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Volume 80 - 2017 - Fasc.2 - Clinical images

Perforated pan-enteric tuberculosis: intra operative recognition necessity!

A 24-years-old man presented to the emergency department with complaints of progressively worsening abdominal pain, occurring on the background of fever. On examination, his abdomen was diffusely tender with board-like rigidity. His hematologic investigations revealed high blood cells count. After initial assessment a diagnosis of generalized peritonitis was made. He underwent emergency laparo- scopy, with intra operative findings of general peritonitis. The small bowl was dilated and the caecum was not in his usual localization. The conversion from laparoscopic to open surgery was decided. The small bowl wall was thick and tubular with no stricture (Fig. 1). There were two perforations situated on 1m50 and 1m80 from duodeno-jejunal junction. There were stony lymph nodes without sclerolipomatosis. The unusual location of the caecum was due to common mesentery (Fig. 1). We realized a peritoneal lavage and a resection of 40 cm of the small bowl. The two ends were brought out as double-barreled ostomy. An appendicectomy was also performed. A chest x-Ray (Fig. 2) was realized after surgery and showed pulmonary cavity and pulmonary interstitial syndrome.


Mediterranean lymphoma, an uncommon case of iron-deficiency anemia

A 57 year-old spanish man presented six-month period of iron-deficiency anemia. Physical examination was unremarkable. Upper endoscopy revealed mucosal edema and erythema beyond papilla of Vater with high mucosal friability. Specimen biopsies showed lymphoplasmacytic massive mucosal infiltration (Fig. 1) suggestive of immunoproliferative small bowel disease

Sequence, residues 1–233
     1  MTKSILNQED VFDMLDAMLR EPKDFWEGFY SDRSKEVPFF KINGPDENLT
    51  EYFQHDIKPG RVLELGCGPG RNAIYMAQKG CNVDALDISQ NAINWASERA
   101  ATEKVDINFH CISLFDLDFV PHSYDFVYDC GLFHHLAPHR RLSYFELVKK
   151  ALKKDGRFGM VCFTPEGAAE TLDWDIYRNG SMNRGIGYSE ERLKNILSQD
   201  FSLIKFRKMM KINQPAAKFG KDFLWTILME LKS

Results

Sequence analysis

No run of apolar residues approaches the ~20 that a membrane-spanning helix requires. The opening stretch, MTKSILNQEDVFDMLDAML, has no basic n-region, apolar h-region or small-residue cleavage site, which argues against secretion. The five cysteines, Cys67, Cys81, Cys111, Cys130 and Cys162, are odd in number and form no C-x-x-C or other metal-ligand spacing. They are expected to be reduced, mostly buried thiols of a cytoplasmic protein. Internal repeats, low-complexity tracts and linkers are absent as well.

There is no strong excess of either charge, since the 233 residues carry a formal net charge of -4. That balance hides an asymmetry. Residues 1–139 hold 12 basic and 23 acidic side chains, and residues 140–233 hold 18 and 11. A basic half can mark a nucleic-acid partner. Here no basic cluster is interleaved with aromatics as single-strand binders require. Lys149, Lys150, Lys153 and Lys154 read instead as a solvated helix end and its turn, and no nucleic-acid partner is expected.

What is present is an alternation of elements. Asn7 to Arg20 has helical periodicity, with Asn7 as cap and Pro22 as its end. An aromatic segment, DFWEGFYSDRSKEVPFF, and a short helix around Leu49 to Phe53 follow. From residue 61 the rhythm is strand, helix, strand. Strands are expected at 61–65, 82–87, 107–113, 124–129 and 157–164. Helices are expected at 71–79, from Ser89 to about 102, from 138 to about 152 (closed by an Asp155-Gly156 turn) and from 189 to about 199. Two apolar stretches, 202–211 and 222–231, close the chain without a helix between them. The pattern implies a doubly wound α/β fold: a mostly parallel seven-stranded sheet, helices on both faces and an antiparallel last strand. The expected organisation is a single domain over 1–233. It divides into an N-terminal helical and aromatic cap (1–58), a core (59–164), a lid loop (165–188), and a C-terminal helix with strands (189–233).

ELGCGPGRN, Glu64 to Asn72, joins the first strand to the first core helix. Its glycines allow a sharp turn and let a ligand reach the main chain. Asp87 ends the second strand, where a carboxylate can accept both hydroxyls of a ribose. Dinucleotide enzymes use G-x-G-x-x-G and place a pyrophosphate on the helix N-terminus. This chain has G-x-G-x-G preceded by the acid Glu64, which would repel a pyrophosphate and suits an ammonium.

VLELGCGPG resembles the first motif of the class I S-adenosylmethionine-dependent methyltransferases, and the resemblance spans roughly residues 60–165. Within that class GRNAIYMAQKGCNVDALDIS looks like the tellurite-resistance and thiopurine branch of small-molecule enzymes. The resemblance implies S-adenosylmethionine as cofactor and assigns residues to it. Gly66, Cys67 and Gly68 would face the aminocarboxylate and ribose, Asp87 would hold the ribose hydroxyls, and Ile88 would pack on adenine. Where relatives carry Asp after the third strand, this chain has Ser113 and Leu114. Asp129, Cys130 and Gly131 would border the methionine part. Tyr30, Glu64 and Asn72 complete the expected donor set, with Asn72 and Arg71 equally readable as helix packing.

A Coral Like Papillary Mass in the Gastric Cardia

A 75 year-old man was admitted with five kilograms of weight loss and dysphagia for three months to our clinic. Physical examination was unremarkable. Laboratory tests such as, complete blood count, liver enzymes, creatinine, and C-reactive protein were normal. Endoscopy revealed a coral like papillary mass in gastric cardia (Fig. 1). Histopathological examination of the mass biopsies taken during the endoscopy were compatible with hyperplastic, inflammatory changes. Endoscopy was repeated and deeper biopsies were taken from the mass. Microscopic examination revealed similar findings to those from the first endoscopy. Abdominal computed tomography of the patient showed a heterogenous lesion, 65 × 43 mm in size, located in the lesser curvature of the stomach but also extended to the gastroesophageal junction (Fig. 2). The patient underwent total gastrectomy. What is the patient's most likely diagnosis?


Quiz : Unusual whitish gastric mucosal lesion

A 71-year-old man underwent upper gastrointestinal endoscopy for screening of gastric cancer. No abnormal finding was found on the physical examination and the laboratory analysis. Endoscopy showed the irregular- shaped flat whitish mucosal lesion with slight central depression in lesser curvature of high body (Fig. 1a). This lesion was about 2.5cm in diameter and definitely away from normal esophageal mucosa of gastroesophageal junction. What is your diagnosis?